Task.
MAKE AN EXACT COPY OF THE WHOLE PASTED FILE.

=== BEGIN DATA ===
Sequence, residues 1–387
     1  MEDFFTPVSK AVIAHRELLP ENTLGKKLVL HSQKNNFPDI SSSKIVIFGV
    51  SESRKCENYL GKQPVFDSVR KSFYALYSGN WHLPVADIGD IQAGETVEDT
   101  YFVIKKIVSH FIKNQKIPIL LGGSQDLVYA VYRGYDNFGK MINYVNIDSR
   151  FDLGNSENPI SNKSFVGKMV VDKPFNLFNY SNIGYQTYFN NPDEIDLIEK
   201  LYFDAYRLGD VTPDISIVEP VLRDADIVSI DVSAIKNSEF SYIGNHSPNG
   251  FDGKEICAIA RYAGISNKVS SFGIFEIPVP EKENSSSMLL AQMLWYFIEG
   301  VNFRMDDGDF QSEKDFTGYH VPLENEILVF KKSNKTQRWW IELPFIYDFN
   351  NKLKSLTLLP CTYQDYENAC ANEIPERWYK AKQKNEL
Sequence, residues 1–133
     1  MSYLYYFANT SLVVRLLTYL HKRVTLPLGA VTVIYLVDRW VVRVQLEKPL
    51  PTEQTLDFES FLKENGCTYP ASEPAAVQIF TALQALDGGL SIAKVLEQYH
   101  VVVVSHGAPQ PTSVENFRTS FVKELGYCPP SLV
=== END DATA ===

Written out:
Sequence, residues 1–387
     1  MEDFFTPVSK AVIAHRELLP ENTLGKKLVL HSQKNNFPDI SSSKIVIFGV
    51  SESRKCENYL GKQPVFDSVR KSFYALYSGN WHLPVADIGD IQAGETVEDT
   101  YFVIKKIVSH FIKNQKIPIL LGGSQDLVYA VYRGYDNFGK MINYVNIDSR
   151  FDLGNSENPI SNKSFVGKMV VDKPFNLFNY SNIGYQTYFN NPDEIDLIEK
   201  LYFDAYRLGD VTPDISIVEP VLRDADIVSI DVSAIKNSEF SYIGNHSPNG
   251  FDGKEICAIA RYAGISNKVS SFGIFEIPVP EKENSSSMLL AQMLWYFIEG
   301  VNFRMDDGDF QSEKDFTGYH VPLENEILVF KKSNKTQRWW IELPFIYDFN
   351  NKLKSLTLLP CTYQDYENAC ANEIPERWYK AKQKNEL
Sequence, residues 1–133
     1  MSYLYYFANT SLVVRLLTYL HKRVTLPLGA VTVIYLVDRW VVRVQLEKPL
    51  PTEQTLDFES FLKENGCTYP ASEPAAVQIF TALQALDGGL SIAKVLEQYH
   101  VVVVSHGAPQ PTSVENFRTS FVKELGYCPP SLV